Yves here. This post does a service by focusing on how the CEO compensation process is designed to assure ever-leapfrogging pay packets, or at the article describes it, a ratchet. The comp consultants have every incentive to enable this practice, since they are usually firms that are also in the executive search business, and fees on executive searches are set as a percentage of first year expected pay.
Other members of the executive ecosystem benefit too. As CEO pay rises, it becomes acceptable to pay board directors more. And lavishly remunerated CEOs don’t mind hiring highly but lesser paid lawyers and consultants; indeed, one who isn’t raking in the super big bucks must not be very good.
The article is a little weak on debunking the claim that “competitive” pay is necessary to attract talent. Studies regularly find that the most highly paid CEOs underperform.
One idea we’ve advocated, advanced by Doug Smith, is a different version of a maximum wage, where it would be set as a multiple of 20 times of the income of the lowest-paid worker. It would need to be carefully defined so as not to allow gaming by using temps or contractors or part-timers. In 2012, François Hollande pushed for a cap the salary of corporate chiefs at 20 times the level of their lowest pay level. The Basque success story Mondragon has a maximum pay that varies by company, with the top compensation level ranging from 3 times to 9 times that of the most poorly paid worker.
By Mark R Reiff. Originally published at Aeon
Under capitalism, the argument goes, it’s every man for himself. Through the relentless pursuit of self-interest, everyone benefits, as if an invisible hand were guiding each of us toward the common good. Everyone should accordingly try to get as much as they can, not only for their goods but also for their labour. Whatever the market price is is, in turn, what the buyer should pay. Just like the idea that there should be a minimum wage, the idea that there should be a maximum wage seems to undermine the very freedom that the free market is supposed to guarantee.
This view, however, has some dramatic consequences. One is the explosion in economic inequality that almost all liberal capitalist democracies have experienced over the past 30-40 years. The difference between the top and the bottom of the income distribution now liesaboutwhere it did in the Gilded Age and the roaring 1920s, up until the Great Depression. Unlike these earlier periods, however, this rise in economic inequality has not been driven by returns on capital assets. This time, one of the most important contributors to the rise has been the payment of extraordinarily high levels of compensation to corporate executives. In 2017, for example, the 200 highest-paid CEOs in US business each received compensation of between $13.8 million and $103.2 million, well above the cut-off for the top 0.01 per cent of the income distribution, which currently lies at $8.3 million. More troubling still, while the compensation for corporate executives has been almost continually rising during this period, real (inflation-adjusted) wages for almost everybody else have been stagnating.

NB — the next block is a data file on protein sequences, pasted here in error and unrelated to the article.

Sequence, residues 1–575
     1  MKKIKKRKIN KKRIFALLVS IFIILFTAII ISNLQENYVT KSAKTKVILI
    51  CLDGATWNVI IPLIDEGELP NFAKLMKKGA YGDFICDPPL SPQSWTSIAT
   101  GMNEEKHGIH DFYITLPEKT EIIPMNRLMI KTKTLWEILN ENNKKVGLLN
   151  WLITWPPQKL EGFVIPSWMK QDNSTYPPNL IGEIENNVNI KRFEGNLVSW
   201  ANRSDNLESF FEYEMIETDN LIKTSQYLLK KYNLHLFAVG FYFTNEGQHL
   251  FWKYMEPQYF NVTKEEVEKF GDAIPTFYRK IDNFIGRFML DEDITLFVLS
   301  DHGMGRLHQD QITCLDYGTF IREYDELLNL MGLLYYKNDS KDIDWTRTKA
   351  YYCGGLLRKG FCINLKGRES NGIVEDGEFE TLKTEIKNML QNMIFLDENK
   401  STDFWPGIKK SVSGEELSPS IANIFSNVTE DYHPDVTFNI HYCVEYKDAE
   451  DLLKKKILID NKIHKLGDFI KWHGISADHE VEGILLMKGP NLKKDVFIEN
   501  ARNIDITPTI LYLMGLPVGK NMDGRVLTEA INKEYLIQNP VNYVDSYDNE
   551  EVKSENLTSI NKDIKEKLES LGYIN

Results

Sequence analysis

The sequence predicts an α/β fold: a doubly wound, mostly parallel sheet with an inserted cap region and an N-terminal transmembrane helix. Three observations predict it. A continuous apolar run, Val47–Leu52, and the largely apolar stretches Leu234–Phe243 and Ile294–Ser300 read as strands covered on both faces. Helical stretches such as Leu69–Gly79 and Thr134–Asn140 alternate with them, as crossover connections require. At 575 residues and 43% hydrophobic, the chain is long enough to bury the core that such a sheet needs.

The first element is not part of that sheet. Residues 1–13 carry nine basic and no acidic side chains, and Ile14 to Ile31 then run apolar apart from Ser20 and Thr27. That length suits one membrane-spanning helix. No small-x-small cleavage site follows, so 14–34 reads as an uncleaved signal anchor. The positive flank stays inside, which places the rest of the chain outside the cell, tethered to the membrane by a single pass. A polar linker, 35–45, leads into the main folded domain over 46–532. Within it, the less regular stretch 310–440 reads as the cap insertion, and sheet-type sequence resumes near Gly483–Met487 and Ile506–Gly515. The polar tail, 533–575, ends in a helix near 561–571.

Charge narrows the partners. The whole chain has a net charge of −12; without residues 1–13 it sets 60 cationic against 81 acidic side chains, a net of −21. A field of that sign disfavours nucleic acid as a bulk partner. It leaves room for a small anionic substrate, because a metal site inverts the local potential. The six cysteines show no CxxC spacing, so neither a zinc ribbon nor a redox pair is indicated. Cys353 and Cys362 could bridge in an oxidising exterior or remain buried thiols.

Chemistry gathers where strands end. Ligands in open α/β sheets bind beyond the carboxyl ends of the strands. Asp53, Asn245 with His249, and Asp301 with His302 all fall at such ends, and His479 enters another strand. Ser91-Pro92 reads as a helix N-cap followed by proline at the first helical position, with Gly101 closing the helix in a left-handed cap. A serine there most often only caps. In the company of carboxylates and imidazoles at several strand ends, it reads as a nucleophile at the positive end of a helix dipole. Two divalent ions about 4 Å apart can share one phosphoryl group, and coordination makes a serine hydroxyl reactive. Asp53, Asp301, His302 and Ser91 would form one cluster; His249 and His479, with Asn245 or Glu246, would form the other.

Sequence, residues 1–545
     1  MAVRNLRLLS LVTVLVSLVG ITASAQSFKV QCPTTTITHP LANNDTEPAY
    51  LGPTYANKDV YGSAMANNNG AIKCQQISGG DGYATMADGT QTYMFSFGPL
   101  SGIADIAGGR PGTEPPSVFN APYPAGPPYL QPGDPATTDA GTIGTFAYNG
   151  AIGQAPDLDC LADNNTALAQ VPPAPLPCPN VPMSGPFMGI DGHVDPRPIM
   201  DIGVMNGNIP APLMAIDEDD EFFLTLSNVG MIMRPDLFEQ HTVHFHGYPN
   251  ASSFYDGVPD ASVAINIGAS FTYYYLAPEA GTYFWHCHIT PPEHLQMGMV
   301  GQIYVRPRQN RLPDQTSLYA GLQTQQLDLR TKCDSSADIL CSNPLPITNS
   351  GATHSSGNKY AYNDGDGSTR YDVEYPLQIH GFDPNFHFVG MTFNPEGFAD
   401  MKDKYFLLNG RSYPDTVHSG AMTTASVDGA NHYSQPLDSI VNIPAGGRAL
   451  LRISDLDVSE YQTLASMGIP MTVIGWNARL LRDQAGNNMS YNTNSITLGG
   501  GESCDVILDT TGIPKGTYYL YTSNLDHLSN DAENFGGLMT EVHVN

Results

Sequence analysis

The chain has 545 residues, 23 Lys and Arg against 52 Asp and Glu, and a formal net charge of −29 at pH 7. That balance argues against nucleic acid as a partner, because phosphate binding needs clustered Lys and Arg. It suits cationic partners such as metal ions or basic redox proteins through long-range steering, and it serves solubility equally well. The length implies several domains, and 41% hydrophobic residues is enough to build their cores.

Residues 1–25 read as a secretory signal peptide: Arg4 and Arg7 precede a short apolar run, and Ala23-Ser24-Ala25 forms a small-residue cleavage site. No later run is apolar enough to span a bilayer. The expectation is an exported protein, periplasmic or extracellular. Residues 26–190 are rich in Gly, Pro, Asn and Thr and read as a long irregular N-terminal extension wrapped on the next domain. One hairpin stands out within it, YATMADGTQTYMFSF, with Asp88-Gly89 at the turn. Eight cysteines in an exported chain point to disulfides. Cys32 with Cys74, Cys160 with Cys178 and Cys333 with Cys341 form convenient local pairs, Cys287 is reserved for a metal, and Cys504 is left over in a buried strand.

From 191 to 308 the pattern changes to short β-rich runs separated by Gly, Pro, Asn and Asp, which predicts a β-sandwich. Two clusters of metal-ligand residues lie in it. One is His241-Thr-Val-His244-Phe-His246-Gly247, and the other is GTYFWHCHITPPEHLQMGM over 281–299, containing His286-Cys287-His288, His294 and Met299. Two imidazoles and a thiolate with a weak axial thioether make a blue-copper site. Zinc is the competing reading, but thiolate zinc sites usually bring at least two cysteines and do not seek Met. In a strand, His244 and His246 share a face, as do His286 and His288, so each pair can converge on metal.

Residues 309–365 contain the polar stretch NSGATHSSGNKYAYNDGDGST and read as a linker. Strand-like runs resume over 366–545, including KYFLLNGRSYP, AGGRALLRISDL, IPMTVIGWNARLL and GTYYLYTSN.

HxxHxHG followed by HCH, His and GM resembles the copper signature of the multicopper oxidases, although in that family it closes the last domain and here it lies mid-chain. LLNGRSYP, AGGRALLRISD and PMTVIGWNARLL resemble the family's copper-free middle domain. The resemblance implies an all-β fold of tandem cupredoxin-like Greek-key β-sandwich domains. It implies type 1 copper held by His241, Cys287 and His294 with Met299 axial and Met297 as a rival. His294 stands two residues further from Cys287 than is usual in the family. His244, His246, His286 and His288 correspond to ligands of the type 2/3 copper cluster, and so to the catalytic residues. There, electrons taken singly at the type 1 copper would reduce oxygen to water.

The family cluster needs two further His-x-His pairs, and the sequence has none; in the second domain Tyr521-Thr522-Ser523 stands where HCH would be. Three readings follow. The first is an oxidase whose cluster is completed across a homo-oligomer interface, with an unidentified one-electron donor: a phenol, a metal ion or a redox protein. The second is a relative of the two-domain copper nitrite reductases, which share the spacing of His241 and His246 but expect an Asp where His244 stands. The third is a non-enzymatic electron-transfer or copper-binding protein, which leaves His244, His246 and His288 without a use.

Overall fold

Many people find this upsetting but, even so, they tend to treat it as something capitalism requires us to tolerate. Others think it is something that capitalism requires us to applaud. But nothing in capitalism actually says that such sky-high levels of compensation are permissible. What capitalism says instead is that people need incentives to be maximally productive. But will someone who makes $100 million a year really work harder than someone who makes $10 million? Compensation, like everything else, has what economists call ‘diminishing marginal utility’. More of it has less and less of an incentivising effect, until eventually it has no incentivising effect at all – people are already working as hard as they can. At which point capitalism suggests that we should not pay someone evenmoremoney, for we are going to get nothing in return.
But wait – aren’t CEOs just getting paid the market rate for their labour? Their compensation is calculated according to a formula set when they were hired and, as long as this formula represents the going wage, then this is what they should receive. The market rate for CEO labour, however, is not set in a competitive manner. The formula is set by a special group of the company’s directors, called ‘the compensation committee’. It does this by commissioning a survey to see what similar companies pay their CEOs. The answer is usually expressed as a range, and while that range depends on what kind of companies are deemed similar, let’s assume for purposes of illustration that it is something like $1 million to $60 million for that particular industry and company size, with an average of $18 million. Given the fact that the CEO will ultimately be in a position to reward the members of the committee in various ways, there are obviously opportunities for corruption here.